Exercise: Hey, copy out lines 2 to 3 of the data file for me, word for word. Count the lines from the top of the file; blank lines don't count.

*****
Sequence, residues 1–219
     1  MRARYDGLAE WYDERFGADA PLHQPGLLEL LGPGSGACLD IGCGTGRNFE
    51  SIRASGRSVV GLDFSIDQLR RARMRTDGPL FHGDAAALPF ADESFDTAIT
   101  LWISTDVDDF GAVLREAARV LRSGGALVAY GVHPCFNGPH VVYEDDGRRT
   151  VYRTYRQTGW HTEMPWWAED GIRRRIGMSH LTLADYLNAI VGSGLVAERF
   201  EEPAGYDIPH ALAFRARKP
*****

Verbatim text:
     1  MRARYDGLAE WYDERFGADA PLHQPGLLEL LGPGSGACLD IGCGTGRNFE
    51  SIRASGRSVV GLDFSIDQLR RARMRTDGPL FHGDAAALPF ADESFDTAIT